Policy Briefing: Carbon Impacts of Reinstating the U.S. Crude Export Ban
by Tim Donaghy
January 28, 2020
A policy briefing from Greenpeace USA and Oil Change International shows that reinstating the U.S. crude oil export ban could reduce global emissions by the equivalent of closing 19 to 42 coal plants.
© Christian Åslund / Greenpeac
A growing body of research has shown that continued investment in fossil fuel extraction will put global climate goals out of reach. The contradiction between a climate-safe emissions trajectory and increasing fossil fuel production is most stark in the United States, which the shale boom has made the world’s leading oil and gas producer. One key factor in triggering this boom was the 2015 removal of the decades-old ban on crude oil exports. As Jim Teague, the chief executive of Enterprise Products, the U.S.’s largest crude exporter, told The Dallas Morning News in November 2019, “Without the crude oil export ban repeal, the United States would not be producing half of the oil it is today because it could not be exported.”
The surge of oil and gas production in recent years has placed the planet at great risk, and policymakers must act swiftly to rein in expansion and bring sanity to U.S. energy policy.
The next president and Congress must reinstate the crude oil export ban as one part of a suite of ambitious Green New Deal policies to phase out fossil fuel production, ensure justice and equity for workers and communities, and transform the U.S. economy. Restoring the ban would not be a new step for the federal government — to the contrary, export restrictions were the norm for decades — but rather an admission that removing the ban in 2015 was an error that has deepened the climate crisis and made the needed transformation of the U.S. energy system significantly more difficult.
In this briefing, we find that reinstating the U.S. crude oil export ban could lead to reductions in global carbon emissions by as much as 73 to 165 million metric tons of CO2-equivalent each year. Reinstating the ban would also send a strong signal to energy investors that the fossil fuel era is drawing to a close, act as a failsafe against future export-directed investments and carbon leakage, and provide a useful policy lever over emissions beyond U.S. borders.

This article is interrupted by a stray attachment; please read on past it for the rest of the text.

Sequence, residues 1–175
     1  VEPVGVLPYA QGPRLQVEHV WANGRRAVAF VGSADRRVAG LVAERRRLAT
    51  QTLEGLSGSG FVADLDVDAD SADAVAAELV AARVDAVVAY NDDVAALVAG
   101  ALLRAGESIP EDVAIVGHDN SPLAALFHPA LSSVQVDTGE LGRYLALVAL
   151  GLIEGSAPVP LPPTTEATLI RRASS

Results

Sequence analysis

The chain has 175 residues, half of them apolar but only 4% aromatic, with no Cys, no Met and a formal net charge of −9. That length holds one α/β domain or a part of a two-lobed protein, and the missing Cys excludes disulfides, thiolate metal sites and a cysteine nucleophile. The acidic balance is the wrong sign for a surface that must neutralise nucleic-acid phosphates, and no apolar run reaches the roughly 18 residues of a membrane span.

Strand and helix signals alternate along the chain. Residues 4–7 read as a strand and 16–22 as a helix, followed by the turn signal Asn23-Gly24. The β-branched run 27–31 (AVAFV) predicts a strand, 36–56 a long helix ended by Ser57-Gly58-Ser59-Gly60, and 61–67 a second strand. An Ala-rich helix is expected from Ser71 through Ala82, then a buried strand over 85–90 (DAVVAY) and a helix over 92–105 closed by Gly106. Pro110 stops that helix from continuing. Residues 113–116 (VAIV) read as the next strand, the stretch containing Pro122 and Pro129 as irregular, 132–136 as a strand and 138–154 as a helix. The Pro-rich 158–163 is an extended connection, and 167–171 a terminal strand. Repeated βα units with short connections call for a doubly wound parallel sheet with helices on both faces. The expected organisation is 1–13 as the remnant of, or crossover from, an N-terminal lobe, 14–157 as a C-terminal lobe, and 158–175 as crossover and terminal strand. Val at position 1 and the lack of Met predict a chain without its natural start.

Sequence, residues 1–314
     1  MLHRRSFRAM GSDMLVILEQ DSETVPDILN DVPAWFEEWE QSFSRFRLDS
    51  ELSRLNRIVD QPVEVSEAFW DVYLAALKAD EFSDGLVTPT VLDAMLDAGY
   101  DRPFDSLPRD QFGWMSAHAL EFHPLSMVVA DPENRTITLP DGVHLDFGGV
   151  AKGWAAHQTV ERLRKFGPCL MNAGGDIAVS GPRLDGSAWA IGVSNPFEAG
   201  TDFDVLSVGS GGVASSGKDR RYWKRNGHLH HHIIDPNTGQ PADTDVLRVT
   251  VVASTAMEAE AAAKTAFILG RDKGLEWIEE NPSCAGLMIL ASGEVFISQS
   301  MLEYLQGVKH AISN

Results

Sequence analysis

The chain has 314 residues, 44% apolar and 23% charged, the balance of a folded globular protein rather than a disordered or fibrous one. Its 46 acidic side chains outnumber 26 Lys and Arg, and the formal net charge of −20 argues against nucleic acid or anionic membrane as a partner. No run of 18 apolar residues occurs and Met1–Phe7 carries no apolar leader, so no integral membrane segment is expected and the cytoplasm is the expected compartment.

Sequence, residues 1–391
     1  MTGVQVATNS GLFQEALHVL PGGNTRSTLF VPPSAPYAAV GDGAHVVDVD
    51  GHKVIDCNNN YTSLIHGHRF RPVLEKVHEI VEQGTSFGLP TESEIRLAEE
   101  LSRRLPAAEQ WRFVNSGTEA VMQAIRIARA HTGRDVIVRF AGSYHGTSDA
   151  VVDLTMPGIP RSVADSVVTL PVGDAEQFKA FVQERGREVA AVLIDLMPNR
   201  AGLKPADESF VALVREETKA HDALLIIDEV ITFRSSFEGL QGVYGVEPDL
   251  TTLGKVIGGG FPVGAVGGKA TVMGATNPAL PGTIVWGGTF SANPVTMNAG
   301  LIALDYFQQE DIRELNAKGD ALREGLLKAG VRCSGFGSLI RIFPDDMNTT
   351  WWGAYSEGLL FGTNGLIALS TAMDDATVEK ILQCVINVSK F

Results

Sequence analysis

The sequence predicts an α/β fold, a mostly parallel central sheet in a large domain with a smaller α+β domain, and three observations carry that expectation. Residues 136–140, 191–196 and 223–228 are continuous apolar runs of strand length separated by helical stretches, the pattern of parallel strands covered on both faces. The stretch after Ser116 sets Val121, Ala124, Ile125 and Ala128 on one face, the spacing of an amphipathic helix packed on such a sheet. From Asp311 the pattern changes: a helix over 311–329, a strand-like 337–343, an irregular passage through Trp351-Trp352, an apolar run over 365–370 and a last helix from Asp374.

This range of carbon emissions reductions is the equivalent of closing between 19 and 42 coal plants, and delivers a carbon benefit comparable to implementing President Barack Obama’s proposed light-duty vehicle efficiency standards. This range of carbon reductions arises from considering a range of plausible scenarios, although the uncertainty in some key parameters is large and the carbon benefit could be larger or smaller.
Crucially, ambitious policies to constrain and phase out fossil fuel production must be carried out in tandem with strong just transition policies to ensure that the lives and livelihoods of industry workers and communities are protected and improved throughout the transition.
The next president has the legal authority to reinstate crude oil export restrictions by declaring a national climate emergency, but ultimately, Congress must act to incorporate export restrictions as an essential part of U.S. energy policy for the twenty-first century. The speed and scale of the climate crisis demands bold action from policymakers, who must respond with all available policy tools.